We’re often late to bands on the blog, since there’s just so much music being released. But we’re not often quite this late; we’ve only just heard of Epiphany From the Abyss as they released a self-titled EP to find out it’s their last. Epiphany From the Abyss’s latest album is a farewell, a last gesture for the fans of the band. Beyond the poignant beauty of such a gesture, it’s also a damn fine album, comprised of the kind of technical deathcore that you don’t hear often these days. It’s a true throwback to the halcyon days of deathcore, when the genre was still fresh and solid. As such, even if it is the band’s last, it is definitely a worthy release. Perhaps even more so? In any case, head on down below for your share of guitar licks, guttural vocals and no shortage of blastbeats.
You have to admit, naming the tracks from your last album after the five stages of grief is a pretty cool move. I chose the last track from the release, “Acceptance”, both because it’s the most interesting and intricate one but also because it captures the poignant feeling we mentioned above. It’s a super dense track, clocking in at a little over eight minutes of dual vocals, super intricate bass lines (seriously, some of the stuff the bass does in the beginning of the track is so, so good) and, of course, a plethora of guitar leads, riffs and chords. Somehow, Epiphany have been able to keep my attention through all of this, probably by virtue of their insanely talented compositional abilities. The whole far exceeds the sum of its part, daftly dodging the pitfalls of deathcore and its often “spaghetti” approach to composition.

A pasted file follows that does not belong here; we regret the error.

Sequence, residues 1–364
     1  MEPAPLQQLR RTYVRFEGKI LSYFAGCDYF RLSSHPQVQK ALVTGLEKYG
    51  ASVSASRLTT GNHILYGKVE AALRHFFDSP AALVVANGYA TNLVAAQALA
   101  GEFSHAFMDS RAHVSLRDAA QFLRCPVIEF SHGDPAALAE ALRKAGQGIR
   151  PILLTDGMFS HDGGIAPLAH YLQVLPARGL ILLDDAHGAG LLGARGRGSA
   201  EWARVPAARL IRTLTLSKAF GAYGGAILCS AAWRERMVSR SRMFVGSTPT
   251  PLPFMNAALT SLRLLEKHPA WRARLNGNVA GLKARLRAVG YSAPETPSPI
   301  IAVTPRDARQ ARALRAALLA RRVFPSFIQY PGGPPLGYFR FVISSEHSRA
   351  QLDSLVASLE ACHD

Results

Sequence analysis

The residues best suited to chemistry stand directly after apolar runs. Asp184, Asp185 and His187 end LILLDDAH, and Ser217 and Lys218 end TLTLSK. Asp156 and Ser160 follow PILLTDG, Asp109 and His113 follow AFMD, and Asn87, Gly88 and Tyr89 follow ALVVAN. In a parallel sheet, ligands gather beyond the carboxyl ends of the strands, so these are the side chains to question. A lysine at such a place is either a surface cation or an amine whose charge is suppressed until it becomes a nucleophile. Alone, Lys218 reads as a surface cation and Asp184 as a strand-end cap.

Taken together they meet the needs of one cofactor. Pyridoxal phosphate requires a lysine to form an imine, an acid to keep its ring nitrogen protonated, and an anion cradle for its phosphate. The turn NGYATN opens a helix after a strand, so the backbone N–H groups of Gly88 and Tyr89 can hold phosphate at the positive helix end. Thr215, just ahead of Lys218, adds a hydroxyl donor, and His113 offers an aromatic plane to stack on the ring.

“Acceptance” even features a great acoustic segment in the middle, giving you a slight respite before an overwhelmingly intense display of vocals. While it’s certainly the longest and most intricate of the tracks on the album, the EP has much more to offer. It’s littered with a fantastic approach to heavy music that makes me regret that 1) I’m only learning of these guys now and that 2) they’re calling it quits. I’ll make sure to follow them closely in the future, to see where they end up; it’s hard for me to accept (get it?) that this is their final knell in music. Long live!